Similar to the Ca ii lines, the NLTE abundance corrections for the two Si ii lines are negative (Mashonkina et al. 2007). We find that the NLTE correction is large for high temperature stars, and even larger than 0.2 dex for warm stars. For our program stars, the abundance differences between the LTE and NLTE analyses of the Si ii lines are plotted in Fig. 1 as a function of metallicity ([Fe/H]), effective temperature, and surface gravity, respectively. There is a clear trend where the NLTE effects increase with increasing temperature.

thumbnail Fig. 1

Difference of [Si ii/Fe] abundance ratios calculated under the assumptions of NLTE and LTE as a function of metal abundance a), temperature b), and surface gravity c).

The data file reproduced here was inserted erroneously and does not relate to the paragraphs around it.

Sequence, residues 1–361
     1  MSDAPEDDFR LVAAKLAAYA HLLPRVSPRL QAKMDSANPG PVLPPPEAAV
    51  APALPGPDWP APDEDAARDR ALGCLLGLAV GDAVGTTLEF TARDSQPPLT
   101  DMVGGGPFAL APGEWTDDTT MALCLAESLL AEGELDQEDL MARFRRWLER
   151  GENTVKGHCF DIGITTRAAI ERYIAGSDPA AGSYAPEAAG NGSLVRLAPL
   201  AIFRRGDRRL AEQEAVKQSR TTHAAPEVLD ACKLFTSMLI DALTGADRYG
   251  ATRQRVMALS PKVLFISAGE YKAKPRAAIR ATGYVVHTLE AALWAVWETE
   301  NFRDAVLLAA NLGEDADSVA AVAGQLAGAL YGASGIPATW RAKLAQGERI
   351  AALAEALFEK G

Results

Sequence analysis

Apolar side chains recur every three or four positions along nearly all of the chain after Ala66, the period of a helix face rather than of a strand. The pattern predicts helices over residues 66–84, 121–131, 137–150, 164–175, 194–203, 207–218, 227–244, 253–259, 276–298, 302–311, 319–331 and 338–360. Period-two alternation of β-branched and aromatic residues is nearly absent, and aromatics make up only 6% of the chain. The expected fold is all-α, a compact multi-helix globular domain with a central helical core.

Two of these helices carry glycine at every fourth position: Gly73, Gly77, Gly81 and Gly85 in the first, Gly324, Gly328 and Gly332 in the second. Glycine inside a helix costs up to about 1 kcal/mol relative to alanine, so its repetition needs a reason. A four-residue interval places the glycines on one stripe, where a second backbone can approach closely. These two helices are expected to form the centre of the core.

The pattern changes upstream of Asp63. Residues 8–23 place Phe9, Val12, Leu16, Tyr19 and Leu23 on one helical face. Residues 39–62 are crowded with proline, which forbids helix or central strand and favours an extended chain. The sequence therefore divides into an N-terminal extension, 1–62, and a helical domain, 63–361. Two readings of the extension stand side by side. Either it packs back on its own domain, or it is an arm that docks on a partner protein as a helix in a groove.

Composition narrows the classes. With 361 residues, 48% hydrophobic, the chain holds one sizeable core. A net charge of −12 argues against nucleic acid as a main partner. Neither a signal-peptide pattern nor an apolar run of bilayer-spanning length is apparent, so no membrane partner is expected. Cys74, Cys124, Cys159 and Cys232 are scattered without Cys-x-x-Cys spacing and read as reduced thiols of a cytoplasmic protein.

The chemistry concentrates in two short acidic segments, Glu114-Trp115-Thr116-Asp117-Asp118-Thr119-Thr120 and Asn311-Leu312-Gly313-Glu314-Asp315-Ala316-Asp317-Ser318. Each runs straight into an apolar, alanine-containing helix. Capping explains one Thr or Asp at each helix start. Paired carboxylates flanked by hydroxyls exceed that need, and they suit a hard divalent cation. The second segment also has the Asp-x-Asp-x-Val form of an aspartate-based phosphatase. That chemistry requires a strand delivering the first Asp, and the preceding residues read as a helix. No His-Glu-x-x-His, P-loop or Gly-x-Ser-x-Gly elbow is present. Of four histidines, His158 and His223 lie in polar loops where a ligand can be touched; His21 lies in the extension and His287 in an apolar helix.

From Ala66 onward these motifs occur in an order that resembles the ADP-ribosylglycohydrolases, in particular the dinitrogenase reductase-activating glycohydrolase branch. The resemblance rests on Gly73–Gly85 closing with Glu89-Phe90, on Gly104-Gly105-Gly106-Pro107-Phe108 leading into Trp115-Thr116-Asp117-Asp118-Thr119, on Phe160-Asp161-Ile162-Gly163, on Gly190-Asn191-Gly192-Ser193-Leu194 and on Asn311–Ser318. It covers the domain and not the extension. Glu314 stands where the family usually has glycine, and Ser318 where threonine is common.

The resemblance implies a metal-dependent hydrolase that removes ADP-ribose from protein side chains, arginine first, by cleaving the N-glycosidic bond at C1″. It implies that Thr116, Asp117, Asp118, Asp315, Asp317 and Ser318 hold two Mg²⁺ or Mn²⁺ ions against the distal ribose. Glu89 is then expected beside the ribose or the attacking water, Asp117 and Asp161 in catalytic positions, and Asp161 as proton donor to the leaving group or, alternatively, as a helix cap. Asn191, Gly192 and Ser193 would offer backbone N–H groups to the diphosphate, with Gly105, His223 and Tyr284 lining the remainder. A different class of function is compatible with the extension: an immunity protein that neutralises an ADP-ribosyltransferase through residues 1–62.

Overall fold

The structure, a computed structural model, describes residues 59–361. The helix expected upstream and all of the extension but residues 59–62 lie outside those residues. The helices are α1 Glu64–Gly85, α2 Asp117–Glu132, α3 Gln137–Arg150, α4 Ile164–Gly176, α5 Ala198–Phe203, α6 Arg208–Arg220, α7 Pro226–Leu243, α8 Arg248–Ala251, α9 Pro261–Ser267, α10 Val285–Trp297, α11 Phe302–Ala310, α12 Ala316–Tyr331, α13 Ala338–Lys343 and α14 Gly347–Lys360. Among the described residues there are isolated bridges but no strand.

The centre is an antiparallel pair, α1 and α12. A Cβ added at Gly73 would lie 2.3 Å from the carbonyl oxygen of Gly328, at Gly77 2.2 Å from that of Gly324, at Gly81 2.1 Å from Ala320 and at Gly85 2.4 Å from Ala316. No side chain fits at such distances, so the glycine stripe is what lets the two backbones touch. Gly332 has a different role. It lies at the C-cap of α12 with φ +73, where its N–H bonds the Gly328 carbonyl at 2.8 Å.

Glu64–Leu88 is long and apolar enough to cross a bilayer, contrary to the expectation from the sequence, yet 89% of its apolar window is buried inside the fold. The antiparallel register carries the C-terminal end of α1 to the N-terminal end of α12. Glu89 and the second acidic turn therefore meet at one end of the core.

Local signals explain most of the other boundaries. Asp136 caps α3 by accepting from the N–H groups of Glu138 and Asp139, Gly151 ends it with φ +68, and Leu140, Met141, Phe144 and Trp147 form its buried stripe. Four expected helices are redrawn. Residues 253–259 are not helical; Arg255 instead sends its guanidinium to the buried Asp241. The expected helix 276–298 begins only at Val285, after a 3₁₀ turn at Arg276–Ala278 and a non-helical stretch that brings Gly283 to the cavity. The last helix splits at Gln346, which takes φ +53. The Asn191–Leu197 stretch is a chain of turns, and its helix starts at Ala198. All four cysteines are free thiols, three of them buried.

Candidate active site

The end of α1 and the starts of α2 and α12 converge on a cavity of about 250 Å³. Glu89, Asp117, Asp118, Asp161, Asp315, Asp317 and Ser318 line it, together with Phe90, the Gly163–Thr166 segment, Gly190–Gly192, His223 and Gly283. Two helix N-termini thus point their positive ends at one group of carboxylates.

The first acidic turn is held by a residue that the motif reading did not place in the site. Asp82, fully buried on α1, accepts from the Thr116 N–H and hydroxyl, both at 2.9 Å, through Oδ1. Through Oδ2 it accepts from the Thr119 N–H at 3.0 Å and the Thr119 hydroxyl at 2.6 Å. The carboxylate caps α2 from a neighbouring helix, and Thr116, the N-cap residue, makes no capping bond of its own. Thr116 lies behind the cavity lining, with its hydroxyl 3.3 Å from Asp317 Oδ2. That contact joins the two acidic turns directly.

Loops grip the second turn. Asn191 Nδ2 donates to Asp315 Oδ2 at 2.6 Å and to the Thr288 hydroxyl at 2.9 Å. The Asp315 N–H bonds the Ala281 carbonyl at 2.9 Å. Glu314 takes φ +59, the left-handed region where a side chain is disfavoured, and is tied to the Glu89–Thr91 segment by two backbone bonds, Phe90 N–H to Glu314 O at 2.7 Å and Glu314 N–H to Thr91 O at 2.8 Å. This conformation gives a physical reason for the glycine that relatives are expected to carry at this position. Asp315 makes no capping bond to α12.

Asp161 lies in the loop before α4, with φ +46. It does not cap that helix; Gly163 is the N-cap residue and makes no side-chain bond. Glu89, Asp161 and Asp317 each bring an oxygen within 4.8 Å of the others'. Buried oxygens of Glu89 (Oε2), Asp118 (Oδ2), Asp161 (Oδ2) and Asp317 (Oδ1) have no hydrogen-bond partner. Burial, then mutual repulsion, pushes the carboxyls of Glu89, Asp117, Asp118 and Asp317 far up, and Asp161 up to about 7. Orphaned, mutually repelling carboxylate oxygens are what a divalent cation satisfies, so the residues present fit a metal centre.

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5. Results

5.1. Stellar silicon abundances

We determinate the silicon abundances of our program stars using spectral synthesis. The synthetic spectra are convolved with macroturbulence, rotational, and instrumental broadening profiles, in order to match the observed spectral lines. Our NLTE abundance results do not show a large abundance discrepancy between different lines; the final abundance scatter of single lines is between 0.01 and 0.1. The derived abundances are presented in Table 2, which is available in the electronic version of this paper.

5.2. Comparison with other work